Polycom shareholders this month approved the sale of the company to private equity firm Siris Capital for about $2 billion, paving the way for the deal to be completed later this month or in October.
Officials for the video conferencing vendor didn’t indicate how big the vote margin was, only that the vote passed Sept. 2.
The shareholder vote brought closer to an end an acquisition that took a circuitous route and is the latest move in a rapidly changing global collaboration market. Unified communications vendor Mitel was on the verge of buying Polycom after announcing a $1.96 billion bid in April. The announcement came months after private equity firm Elliott Management bought significant stakes in both companies in October 2015 and floated the idea of a merger as a way of creating a larger company to compete with the likes of Cisco Systems and Microsoft and of returning more value to the shareholders of both companies.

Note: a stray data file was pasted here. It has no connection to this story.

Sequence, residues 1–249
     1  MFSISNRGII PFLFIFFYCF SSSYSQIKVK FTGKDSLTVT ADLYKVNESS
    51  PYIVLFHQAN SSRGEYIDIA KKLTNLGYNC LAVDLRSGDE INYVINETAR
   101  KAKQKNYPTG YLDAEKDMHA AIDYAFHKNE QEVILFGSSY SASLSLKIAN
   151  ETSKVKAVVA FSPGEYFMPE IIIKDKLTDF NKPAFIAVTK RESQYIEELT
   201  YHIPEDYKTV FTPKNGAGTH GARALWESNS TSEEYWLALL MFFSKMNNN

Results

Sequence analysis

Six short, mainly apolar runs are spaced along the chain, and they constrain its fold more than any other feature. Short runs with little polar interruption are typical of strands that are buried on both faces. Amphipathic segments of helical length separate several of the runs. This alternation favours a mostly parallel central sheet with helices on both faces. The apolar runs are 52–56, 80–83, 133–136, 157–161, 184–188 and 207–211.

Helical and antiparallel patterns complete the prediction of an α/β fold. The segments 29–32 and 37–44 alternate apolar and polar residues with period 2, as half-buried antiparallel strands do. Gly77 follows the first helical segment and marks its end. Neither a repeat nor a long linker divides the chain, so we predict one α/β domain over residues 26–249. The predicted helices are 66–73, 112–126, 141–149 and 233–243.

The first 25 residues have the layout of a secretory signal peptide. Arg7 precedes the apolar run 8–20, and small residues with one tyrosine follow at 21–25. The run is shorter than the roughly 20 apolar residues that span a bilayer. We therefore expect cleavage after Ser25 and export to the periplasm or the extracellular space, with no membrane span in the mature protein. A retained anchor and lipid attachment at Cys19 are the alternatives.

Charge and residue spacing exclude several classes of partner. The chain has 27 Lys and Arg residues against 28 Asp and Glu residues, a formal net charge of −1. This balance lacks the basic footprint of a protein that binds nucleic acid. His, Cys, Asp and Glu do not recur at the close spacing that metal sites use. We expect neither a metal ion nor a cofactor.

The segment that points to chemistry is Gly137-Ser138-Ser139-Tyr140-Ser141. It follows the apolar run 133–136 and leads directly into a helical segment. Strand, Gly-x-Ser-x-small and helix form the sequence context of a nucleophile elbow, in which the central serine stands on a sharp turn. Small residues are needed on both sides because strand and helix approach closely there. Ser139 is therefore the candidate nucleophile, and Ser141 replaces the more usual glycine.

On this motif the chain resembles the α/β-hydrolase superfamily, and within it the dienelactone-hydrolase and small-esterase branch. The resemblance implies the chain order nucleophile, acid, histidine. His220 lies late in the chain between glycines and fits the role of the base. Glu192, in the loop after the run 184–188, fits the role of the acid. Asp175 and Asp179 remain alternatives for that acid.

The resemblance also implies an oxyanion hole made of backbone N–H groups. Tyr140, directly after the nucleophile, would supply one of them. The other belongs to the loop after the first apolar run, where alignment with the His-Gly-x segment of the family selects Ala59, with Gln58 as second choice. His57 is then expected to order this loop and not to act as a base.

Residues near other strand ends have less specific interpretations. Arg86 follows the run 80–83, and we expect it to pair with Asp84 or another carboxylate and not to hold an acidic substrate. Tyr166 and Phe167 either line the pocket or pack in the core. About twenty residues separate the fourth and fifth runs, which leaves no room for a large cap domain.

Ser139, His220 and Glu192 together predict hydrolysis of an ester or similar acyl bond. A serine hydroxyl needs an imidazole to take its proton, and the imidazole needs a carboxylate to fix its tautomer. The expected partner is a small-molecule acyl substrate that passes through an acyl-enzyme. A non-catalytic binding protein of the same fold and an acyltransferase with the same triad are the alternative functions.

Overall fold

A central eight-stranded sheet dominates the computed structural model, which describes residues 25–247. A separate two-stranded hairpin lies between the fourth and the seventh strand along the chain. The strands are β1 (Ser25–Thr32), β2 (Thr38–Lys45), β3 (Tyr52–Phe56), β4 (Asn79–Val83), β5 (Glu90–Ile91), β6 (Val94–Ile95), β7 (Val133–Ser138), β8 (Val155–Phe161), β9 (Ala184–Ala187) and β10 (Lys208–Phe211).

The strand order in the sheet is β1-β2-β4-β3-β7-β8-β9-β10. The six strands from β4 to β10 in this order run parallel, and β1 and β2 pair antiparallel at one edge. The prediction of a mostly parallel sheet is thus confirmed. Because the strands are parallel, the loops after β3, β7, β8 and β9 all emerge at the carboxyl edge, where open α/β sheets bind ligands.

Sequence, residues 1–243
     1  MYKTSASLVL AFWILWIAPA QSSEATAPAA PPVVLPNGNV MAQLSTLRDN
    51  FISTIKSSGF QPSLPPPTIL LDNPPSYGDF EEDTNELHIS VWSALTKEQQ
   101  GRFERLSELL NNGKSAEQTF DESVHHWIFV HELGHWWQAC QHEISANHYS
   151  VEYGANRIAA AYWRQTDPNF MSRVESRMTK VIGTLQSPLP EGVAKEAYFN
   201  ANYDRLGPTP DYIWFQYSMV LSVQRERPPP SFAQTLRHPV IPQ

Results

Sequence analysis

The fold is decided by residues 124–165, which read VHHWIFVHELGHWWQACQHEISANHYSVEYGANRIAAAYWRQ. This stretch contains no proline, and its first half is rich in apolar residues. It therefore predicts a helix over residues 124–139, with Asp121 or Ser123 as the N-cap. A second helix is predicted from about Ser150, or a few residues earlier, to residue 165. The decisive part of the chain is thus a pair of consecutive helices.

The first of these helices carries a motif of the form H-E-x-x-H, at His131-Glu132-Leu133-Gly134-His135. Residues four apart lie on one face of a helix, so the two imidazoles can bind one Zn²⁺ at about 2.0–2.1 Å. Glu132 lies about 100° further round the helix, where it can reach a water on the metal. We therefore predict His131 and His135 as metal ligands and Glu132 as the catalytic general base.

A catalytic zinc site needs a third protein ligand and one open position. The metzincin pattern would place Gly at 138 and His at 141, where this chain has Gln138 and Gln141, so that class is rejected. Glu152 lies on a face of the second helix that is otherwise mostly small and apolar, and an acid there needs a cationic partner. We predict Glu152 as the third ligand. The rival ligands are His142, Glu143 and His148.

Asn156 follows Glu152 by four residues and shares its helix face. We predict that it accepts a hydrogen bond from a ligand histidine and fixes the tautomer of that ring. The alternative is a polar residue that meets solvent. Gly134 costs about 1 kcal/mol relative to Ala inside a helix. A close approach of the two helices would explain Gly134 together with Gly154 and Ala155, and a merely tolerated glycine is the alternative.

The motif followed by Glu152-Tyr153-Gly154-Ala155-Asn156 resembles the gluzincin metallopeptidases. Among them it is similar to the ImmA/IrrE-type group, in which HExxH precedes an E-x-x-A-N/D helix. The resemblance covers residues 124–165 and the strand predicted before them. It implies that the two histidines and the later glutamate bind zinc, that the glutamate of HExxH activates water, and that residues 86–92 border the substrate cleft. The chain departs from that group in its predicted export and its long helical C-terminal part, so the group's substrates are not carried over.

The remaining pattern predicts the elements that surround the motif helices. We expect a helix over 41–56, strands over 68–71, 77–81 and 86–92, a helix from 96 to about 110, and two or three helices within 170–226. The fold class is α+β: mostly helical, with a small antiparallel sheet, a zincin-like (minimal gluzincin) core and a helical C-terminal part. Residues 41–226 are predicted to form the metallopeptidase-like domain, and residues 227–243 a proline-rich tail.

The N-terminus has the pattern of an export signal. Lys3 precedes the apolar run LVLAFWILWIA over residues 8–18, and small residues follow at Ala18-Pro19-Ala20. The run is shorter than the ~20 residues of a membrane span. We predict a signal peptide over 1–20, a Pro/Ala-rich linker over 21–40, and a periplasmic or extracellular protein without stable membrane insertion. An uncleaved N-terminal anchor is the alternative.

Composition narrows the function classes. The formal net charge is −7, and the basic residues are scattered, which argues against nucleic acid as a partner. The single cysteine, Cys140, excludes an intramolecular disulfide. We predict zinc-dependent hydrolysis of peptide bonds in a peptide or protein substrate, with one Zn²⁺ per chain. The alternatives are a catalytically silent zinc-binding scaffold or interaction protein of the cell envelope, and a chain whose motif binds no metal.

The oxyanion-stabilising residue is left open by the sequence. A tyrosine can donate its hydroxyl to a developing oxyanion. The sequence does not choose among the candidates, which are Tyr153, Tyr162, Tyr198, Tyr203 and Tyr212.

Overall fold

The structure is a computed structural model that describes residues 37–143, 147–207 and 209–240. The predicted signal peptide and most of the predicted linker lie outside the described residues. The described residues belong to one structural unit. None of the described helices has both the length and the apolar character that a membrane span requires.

The Mitel and Polycom boards of directors both approved the deal, which seemed to be sailing along until reports of a competing offer began to surface. Eventually, Mitel pulled its bid in July after Siris offered $2 billion.
The enterprise communications space is undergoing significant changes as organizations, under pressure from increasingly mobile work forces that want to collaborate where and when they want and with whatever device they want, are pushing for more software- and cloud-based solutions. Vendors are rapidly building out their portfolios, and over the past couple of years, other vendors have made moves, including Atos buying Unify, Lifesize spunning out of Logitech after shifting its portfolio to the cloud, and Mitel itself buying a couple of companies. In addition, ShoreTel and Avaya both have taken on advisers to review their options, which could include selling some or all of the companies.
Most recently, contact center specialist Genesys announced last week it is buying rival Interactive Intelligence for about $1.4 billion.